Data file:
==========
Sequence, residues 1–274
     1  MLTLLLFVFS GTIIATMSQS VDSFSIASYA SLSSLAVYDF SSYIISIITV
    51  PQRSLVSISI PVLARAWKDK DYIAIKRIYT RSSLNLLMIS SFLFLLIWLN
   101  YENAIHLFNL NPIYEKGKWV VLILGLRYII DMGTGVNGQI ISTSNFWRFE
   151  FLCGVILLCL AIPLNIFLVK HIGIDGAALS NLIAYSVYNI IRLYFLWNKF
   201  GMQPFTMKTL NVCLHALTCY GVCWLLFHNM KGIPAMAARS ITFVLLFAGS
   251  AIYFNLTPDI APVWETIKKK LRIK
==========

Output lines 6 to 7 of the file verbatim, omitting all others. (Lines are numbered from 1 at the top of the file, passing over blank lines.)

   201  GMQPFTMKTL NVCLHALTCY GVCWLLFHNM KGIPAMAARS ITFVLLFAGS
   251  AIYFNLTPDI APVWETIKKK LRIK